Income tax season is upon us as 1099s fill our mailboxes and the filing deadline looms just 60 days from now.  Many filers will turn to Turbotax or other software and nervously complete the forms, hoping not to make a mistake that might bring on the wrath of the IRS.  They may also be anxiously awaiting the final number, hoping that they’ll get a tax refund and not have to “pay” taxes this year.  Other taxpayers will dump their tax documents on their professional preparer and hope for good news when the filing is complete.

For most Americans, tax filing is an annual chore and falls into the same category as visiting the dentist.  But for many taxpayers, income taxes is their largest expense, even more than their mortgage payment.  Yet they wait until this time of year to find out what their 2020 tax bill will be.

At this point, 2020 is history.  There are a few minor things that you can do to alter your 2020 tax bill, but the deadline was December 31st for the tax year.  And there were probably a number of things you could have done a couple months ago to minimize your tax bill.  But, if you’re like most Americans, you didn’t do any tax planning.

Tax forms

Tax planning needs to be done during the tax year and you need to understand your effective marginal tax rate.  That is, if you add another dollar of income, how much will you owe in taxes on it?  And vice versa, how much is that extra deduction worth?  The tax law is complicated and seemingly low-income people can find themselves with a very high marginal rate.  You can read about the “tax torpedo” in our last On the Money print newsletter.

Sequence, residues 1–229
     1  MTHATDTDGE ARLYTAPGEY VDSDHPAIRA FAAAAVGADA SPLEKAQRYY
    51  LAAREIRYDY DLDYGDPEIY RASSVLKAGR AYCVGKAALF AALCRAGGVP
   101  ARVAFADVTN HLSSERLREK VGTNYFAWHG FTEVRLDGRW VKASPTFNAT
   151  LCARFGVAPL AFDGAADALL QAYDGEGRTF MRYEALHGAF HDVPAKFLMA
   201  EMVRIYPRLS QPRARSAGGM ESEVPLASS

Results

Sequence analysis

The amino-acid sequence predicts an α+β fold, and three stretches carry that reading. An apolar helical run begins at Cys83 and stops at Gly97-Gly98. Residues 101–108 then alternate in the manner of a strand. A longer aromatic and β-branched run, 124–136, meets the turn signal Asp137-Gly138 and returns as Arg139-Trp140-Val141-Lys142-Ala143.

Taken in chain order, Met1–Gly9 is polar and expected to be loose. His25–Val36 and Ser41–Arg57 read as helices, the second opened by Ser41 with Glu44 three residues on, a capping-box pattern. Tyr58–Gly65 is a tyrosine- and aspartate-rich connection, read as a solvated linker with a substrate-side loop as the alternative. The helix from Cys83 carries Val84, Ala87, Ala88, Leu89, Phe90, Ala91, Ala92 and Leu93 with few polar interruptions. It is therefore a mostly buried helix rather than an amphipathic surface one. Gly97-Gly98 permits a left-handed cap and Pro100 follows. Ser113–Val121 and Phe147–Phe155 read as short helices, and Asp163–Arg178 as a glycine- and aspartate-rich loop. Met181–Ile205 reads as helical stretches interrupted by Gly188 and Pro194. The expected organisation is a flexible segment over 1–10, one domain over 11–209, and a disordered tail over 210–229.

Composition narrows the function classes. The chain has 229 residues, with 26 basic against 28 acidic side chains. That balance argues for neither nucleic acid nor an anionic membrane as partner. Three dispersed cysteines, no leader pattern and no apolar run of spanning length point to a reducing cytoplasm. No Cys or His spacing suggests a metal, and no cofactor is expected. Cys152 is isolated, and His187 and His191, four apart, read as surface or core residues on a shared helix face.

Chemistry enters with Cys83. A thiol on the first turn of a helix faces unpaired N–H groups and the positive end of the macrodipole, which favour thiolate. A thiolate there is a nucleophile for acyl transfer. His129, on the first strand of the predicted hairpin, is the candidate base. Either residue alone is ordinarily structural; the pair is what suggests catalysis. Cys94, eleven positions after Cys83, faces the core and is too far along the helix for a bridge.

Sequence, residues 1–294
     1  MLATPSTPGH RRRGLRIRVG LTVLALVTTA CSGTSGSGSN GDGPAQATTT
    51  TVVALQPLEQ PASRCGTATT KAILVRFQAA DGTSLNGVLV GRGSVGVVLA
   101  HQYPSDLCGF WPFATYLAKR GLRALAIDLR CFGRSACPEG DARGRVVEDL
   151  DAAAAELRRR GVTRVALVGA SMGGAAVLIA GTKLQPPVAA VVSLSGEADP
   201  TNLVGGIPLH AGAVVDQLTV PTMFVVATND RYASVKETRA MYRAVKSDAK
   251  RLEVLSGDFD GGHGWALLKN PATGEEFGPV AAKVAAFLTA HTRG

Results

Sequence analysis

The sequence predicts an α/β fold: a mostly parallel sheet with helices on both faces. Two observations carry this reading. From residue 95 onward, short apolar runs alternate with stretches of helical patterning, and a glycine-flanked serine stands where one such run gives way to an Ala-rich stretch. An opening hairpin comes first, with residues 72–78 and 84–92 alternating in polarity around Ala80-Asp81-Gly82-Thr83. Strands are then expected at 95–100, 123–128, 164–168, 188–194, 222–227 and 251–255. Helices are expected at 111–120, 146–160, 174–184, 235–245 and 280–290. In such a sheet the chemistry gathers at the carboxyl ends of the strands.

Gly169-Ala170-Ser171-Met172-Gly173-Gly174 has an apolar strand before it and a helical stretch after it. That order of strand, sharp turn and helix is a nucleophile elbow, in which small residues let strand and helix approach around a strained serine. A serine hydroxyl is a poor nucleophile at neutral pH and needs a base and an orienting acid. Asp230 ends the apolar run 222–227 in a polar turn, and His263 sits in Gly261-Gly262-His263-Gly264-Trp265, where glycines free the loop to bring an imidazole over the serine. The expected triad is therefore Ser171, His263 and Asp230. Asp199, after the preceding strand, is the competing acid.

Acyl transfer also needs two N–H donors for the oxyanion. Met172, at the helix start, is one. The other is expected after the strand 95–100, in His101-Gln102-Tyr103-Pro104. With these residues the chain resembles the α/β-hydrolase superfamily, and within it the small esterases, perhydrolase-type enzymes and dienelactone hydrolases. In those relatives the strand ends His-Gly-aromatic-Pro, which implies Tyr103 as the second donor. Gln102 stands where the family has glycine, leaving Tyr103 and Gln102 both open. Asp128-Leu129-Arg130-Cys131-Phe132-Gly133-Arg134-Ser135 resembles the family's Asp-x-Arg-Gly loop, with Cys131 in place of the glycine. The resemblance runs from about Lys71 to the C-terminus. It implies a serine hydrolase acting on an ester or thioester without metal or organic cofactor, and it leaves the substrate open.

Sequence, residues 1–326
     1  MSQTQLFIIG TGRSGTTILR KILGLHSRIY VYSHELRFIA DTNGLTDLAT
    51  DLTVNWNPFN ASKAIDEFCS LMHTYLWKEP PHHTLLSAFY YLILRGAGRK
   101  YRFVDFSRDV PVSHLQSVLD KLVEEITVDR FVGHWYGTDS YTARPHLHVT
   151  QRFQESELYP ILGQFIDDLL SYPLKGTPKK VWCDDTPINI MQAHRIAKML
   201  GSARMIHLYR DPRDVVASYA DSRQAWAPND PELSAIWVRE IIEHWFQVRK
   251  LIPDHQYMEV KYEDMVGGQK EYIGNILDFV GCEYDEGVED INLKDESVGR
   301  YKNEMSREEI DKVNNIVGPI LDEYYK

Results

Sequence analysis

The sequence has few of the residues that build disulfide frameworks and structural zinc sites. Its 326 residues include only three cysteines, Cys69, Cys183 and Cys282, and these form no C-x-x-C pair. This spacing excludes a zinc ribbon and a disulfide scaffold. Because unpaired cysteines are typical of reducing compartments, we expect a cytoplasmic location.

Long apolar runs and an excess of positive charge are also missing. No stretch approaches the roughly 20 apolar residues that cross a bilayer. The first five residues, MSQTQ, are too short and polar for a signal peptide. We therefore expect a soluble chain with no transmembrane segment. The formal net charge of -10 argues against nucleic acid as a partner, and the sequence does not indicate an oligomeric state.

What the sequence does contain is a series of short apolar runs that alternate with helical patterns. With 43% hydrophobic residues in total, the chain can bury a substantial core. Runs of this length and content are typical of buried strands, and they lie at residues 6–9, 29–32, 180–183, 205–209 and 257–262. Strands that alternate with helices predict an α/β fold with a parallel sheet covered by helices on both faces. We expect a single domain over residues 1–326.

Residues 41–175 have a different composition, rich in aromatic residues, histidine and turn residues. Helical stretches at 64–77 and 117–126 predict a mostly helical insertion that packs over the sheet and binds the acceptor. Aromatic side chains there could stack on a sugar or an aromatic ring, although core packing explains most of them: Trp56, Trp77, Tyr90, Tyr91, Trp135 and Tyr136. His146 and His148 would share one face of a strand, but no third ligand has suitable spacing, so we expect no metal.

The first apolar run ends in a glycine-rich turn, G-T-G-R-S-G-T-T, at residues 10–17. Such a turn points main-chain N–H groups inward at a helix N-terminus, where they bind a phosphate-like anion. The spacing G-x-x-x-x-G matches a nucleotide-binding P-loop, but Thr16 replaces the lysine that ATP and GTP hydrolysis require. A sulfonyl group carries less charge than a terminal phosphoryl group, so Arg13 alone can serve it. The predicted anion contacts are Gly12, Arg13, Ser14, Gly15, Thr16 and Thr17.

Good tax planning doesn’t just look at the current year, though.  Some people and even their accountants get excited by seeing a very low or even zero tax bill for a year.  But if you just deferred taxable income until a future year when it gets taxed at a much higher rate, then you’ve missed out on an opportunity to reduce your overall taxes over a few years.  You may have even had an opportunity to take some capital gains at a zero tax rate but, without planning, the opportunity is gone.

Tax planning is something that should be considered during the year, especially toward the end of the year when there’s more certainty around your level of income, capital gains and the latest tax laws.  At Vintage we’ll mock up our client’s tax returns before the year is over in order to look for tax planning opportunities.  It may mean a partial Roth conversion, taking capital gains at a zero tax rate, or determining whether or not to itemize deductions.  And, of course, there’s all kinds of other decisions like Roth vs. Traditional IRA/401(k)s, mortgage financing options, and how to maximize the tax benefits of charitable donations.

It’s too late to do much about 2020, but this year you can start planning instead of hoping for the best.  You can get a look at multi-year strategies and consider the inevitable changes to the tax laws and how best to minimize what may be your biggest expense.  At Vintage, our team of fiduciary advisors includes CPAs, CFPs and Enrolled Agents.  Contact our office to see how we can help you as you move ahead.